UIS a Senate Designated Federal Documents Depository

Did you know that UIS is a Senate designated federal documents depository? Yes, that’s right, we are a selective depository collecting primary source material produced by the U.S. Congress, Legislature and the executive branch as well as other agencies and federal bodies.   Since the advent of digital archiving, which really began to proliferate in the 21st century, most information provided through the Government Printing Office (the folks we work with in obtain government documents) is available online.

Recently, the Library of Congress, likely spurred on by the enormous popularity of the hit Broadway musical, “Hamilton,” has digitized many of the papers of Alexander Hamilton, first treasury secretary of the United States. The collection includes over 12,000 items dating from 1708 to 1917 (although not the Federalist essays). Learn more about and gain access to the collection at: https://www.loc.gov/collections/alexander-hamilton-papers/about-this-collection/

The GPO has begun a retrospective digitization of the bound volumes of the Congressional Record, most recently releasing the 1950s, 1940s & 1930s in digital format. The Congressional Record is the official organ of Congress which is a verbatim transcript of everything that occurs on the House & Senate floors (and has existed in some form since the advent of the first Congressional Congress in 1789). Needless to say, this provides for a vitally rich historical record. Here is some of what you can find at your fingertips at: https://www.govinfo.gov/app/collection/crecb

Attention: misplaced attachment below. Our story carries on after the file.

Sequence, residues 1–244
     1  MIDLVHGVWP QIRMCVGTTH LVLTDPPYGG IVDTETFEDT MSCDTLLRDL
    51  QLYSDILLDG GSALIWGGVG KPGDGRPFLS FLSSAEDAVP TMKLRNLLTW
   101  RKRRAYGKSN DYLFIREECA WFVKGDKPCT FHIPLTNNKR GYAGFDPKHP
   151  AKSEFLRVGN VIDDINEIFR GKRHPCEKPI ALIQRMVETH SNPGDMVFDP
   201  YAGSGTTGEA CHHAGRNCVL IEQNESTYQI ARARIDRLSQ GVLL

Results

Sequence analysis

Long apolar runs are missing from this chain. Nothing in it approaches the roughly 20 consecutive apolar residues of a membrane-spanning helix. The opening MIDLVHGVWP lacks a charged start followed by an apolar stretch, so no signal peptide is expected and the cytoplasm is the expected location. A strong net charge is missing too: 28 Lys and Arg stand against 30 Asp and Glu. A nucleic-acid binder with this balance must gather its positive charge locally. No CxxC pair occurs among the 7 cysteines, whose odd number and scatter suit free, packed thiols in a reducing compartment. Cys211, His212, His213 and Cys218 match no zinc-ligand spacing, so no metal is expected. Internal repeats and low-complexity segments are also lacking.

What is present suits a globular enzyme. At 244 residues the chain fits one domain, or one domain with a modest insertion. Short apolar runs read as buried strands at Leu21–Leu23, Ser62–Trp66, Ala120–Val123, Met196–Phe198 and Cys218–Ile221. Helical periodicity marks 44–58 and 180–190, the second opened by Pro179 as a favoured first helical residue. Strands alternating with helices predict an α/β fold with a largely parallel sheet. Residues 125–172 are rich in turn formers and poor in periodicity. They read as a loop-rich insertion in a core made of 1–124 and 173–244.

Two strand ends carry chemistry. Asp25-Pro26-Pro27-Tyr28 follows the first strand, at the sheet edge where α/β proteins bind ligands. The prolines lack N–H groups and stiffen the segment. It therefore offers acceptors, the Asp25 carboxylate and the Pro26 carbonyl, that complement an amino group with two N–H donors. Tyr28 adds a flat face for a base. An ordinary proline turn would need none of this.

1951-1960 (82nd thru 86th Congresses):

  • The final two years of President Harry Truman’s Administration
  • President Dwight Eisenhower’s Administration
  • The Korean War
  • The Cold War
  • The creation of NASA
  • Federal Aid Highway Act of 1956

1941-1950 (77th thru 81st Congresses):

  • World War II, including President Franklin D. Roosevelt’s famous “day that will live in infamy” address to Congress requesting a declaration of war against Japan
  • VE and VJ Days
  • Demobilization
  • The Franklin Roosevelt Presidency through April 1945 and the Presidency of Harry Truman through 1950
  • The Marshall Plan
  • The beginning of the Cold War

1931-1940 (72nd thru 76th Congresses):

  • The Great Depression.
  • The last two years of the Herbert Hoover Administration and the elections of Franklin D. Roosevelt in 1932, 1936, and 1940.
  • The 21st Amendment (ending Prohibition).
  • The New Deal (Emergency Banking Act, Civilian Conservation Corps, Tennessee Valley Authority Act, Glass-Steagall Act, National Industrial Recovery Act, Wagner Act, Social Security Act, Rural Electrification Act, etc.).
  • Senator Huey Long.
  • FDR’s court-packing plan.
  • The various Neutrality Acts, Lend Lease, and the beginning of World War II.

NOTE: to make the best use of the Congressional Record you will need the dates that discussions occurred on the floor:

If you would like to further explore government documents and information and how they might be of value to your teaching or scholarship, please contact Pamela M. Salela, the UIS liaison to Government Information. You can find her contact info on the government Information research guide at: https://libguides.uis.edu/docs

Advertisements